The strong recent outperformance of the technology sector (tech) has caused many investors to draw comparisons to the tech bubble of the late 1990s. As a result of these concerns, many investors have remained on the sidelines and have missed out on what we believe is a good long-term investment opportunity, supported by strong fundamental and secular trends.
Today, the technology sector is on much better footing than it was in the late 1990s. We illustrate this with the S&P 500 given technology is more robustly represented on the U.S. index versus the S&P/TSX. In March of 2000, at the peak of the "dot-com" bubble, the technology sector accounted for 34% of the S&P 500's total market value, but just less than 20% of its profit and was trading at 73 times last twelve month earnings. Today, by contrast, the technology sector represents 23% of the S&P 500's market value, but 24% of its earnings and trades at only 25 times last twelve month earnings. In other words, the market value of the tech sector today is supported by much stronger sector profitability and trades at a third of the valuation than it traded two decades ago. In addition, technology firms are in much better financial condition today, with high free cash flow generation and low debt levels, which have enhanced overall shareholder returns through rising dividends and share buybacks.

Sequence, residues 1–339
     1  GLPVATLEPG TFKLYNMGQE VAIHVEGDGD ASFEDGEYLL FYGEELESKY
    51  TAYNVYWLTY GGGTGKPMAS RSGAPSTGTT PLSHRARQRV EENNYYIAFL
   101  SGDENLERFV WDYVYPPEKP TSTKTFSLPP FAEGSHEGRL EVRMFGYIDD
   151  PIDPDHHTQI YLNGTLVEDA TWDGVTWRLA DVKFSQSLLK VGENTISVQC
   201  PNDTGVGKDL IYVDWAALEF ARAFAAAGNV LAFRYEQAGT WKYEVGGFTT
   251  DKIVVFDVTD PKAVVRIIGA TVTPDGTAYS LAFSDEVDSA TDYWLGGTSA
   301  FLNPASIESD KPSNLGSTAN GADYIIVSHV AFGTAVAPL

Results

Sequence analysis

Historical Price-to-Earning Ratio of the S&P 500 Technology Sector
Given the limited number of Canadian technology companies, we recommend that Canadian clients looking for exposure to the technology sector should consider diversifying their portfolio with high-quality U.S. technology stocks.
We believe the sector outperformance can continue going forward, as numerous secular trends, such as cloud computing, mobile, artificial intelligence, autonomous driving, digital advertising and e-commerce should drive solid fundamental growth in the coming years. We recommend a 12% technology weighting for our client portfolios.
Past performance is not a guarantee of what will happen in the future. Investing in equities involves risks. The value of your shares will fluctuate and you may lose principal.